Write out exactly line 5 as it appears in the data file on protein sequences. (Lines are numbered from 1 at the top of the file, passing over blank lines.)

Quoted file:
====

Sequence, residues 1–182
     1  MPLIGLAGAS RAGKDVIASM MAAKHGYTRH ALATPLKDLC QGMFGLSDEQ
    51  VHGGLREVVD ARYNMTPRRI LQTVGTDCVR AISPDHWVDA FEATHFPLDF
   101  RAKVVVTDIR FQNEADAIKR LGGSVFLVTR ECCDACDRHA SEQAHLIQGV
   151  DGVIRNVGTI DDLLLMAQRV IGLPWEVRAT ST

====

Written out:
   151  DGVIRNVGTI DDLLLMAQRV IGLPWEVRAT ST